Damn You Admin Rights!

Centero’s guru Janne Tjäder casts a few curses on admin rights.
   

What is a closed environment? 

With a closed environment we mean a workstation environment where the end-users don’t have admin rights.  What this means for everyday life is that an end-user, with their own user ID, can’t perform any operations that require admin rights, such as installing an application or changing network settings. 

When the IT environment in question is large enough, this is actually appropriate: it’s important to maintain the workstation standardization level (meaning similarity between workstations) as high as possible, as it guarantees the workstations work as they should, and you need to tackle fewer problems. 

However, a closed environment has its own challenges.  How to resolve a situation, where a person is on a business trip and they need an application installed on their device, or want to connect to a customer’s network?  How do you deal with the situation, if the user’s own ID’s access level isn’t high enough?  Typically, the user is given the device’s local admin ID’s password, but when the password is out there, can you call it a closed environment anymore? Not really. 

It’s common knowledge that the biggest threat to a company’s cyber security are its employees and their carelessness. 

Unfortunately, this applies also to the use of admin ID’s, meaning that the level of standardization is not the only one taking a hit: the level of cyber security suffers also, almost without exceptions – even though this time it’s not only due to the users’ carelessness, but also because of technical reasons. Many viruses and malware use the admin level ID’s, and they can really sink their teeth into the system when the workstation is used with admin rights. 

Perform admin-level operations where ever, whenever – without the admin rights  

Carillon_blogi_kuva2For the problem described, we have developed a thorough, specific tool called Centero Carillon.  Let’s start off with an example. Our example company, Centerock Oy, has started using Carillon and created a closed environment with it. So, the users don’t have admin-level rights on their own devices.  When a user is on a business trip and starts to install a printer, the operating system prompts a notification on insufficient rights (picture on the left). As you can see from the picture, Windows 7’s User Account Control (UAC) window also has Centero Carillon as an option when entering the admin’s ID information. 

Carillon_blogi_kuva1

Here the user calls their organization’s IT support and tells them they are trying to install a printer, but their rights are not sufficient for the operation. The IT support creates the necessary activation code and passes it on to the user, who then enters the code to the Centero Carillon field (picture on the left) and clicks “Yes”. This starts the installation, and it works like a charm (picture below on the left). 

 

 

Carillon_blogi_kuva3And as you can see, the user didn’t get the password for an admin-level ID (or even the name of such an ID). All they had to do is enter a code that is valid for one operation (or if needed, for an extended time period). The person who creates the activation code (usually the IT support) also determines its validity period. You do not need internet connection to use the code, meaning the code works even if the workstation has no internet access.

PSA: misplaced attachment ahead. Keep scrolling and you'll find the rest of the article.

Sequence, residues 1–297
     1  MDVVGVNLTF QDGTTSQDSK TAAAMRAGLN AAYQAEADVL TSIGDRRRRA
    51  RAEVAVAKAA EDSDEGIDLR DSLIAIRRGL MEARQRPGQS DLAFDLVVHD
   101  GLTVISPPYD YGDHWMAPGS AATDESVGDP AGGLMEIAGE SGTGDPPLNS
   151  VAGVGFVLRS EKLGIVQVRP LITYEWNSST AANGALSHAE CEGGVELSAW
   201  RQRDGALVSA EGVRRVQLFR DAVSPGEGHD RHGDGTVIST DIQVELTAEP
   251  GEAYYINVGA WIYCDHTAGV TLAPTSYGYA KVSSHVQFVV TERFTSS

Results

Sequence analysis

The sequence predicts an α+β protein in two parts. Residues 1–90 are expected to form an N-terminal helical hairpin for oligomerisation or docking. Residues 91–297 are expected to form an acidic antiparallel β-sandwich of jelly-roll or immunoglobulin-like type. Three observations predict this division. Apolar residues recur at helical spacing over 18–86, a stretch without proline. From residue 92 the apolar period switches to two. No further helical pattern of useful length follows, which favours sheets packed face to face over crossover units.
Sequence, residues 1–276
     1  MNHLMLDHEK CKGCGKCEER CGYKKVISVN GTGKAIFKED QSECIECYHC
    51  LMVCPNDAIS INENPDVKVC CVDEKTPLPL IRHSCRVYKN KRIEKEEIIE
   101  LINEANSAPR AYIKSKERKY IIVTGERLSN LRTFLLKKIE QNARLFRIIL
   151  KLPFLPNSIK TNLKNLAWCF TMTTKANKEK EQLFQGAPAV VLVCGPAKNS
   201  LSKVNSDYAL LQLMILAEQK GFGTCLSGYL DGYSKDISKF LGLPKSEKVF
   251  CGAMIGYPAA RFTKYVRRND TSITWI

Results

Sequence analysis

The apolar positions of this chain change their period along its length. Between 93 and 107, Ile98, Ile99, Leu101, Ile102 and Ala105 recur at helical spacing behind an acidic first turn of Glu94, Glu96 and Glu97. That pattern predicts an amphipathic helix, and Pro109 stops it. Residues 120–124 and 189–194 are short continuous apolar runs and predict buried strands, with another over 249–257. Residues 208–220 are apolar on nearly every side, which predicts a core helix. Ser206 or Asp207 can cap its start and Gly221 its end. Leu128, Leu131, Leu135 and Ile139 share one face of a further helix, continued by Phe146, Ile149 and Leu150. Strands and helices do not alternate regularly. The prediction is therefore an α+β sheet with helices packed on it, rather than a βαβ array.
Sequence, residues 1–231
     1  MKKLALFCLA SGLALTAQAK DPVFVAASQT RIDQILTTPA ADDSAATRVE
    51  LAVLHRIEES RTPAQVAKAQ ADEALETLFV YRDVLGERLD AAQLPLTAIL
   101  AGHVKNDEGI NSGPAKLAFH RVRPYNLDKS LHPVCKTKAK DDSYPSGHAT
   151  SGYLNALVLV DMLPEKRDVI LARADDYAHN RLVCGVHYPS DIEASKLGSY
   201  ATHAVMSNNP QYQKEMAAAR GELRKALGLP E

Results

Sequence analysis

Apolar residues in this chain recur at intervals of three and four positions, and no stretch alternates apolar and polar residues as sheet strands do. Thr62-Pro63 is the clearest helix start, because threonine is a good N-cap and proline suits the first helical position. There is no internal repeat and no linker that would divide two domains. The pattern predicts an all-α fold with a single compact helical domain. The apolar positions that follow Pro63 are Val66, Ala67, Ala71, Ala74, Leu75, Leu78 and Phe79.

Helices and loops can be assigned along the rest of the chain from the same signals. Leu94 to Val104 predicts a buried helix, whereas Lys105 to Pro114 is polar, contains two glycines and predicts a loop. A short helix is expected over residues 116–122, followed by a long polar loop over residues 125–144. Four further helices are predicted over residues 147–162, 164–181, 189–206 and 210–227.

What was so great about what just took place here? 

The user was able to install the printer without a hassle, even though they didn’t have admin-level access rights on their own user ID 

The user didn’t get access to an admin-level ID or password, just a one-time activation code 

When the IT support created the activation code, they added a log on what the code was given for and for how long. 

This means there is a trace of all transactions in the database, and you can later monitor how many temporary admin rights have been given out and for what reasons. 

A sophisticated user could, of course, request temporary admin rights and then try to add their ID to the group that grants users permanent admin rights.  However, Centero Carillon allows you to control who can or has to have permanent admin rights. If a user’s ID isn’t compatible with the configurations it will be removed from the group within a minute. 

Carillon_blogi_kuva4In this example the operating system requested ID information when trying to install a printer, as the user’s ID didn’t have sufficient rights.  Carillon also adds new options to the operating system’s log in menu, meaning if you need to, you can use the activation code to log into a workstation (see picture). 

 

 

More information on Centero Carillon 

With Centero Carillon, it’s fast and easy to create a closed environment where the end-users can request temporary admin rights.  You can also use the same product to manage local groups, ID’s, and passwords, and on top of that, Carillon’s reporting features are excellent. 

>> Read more about Centero Carillon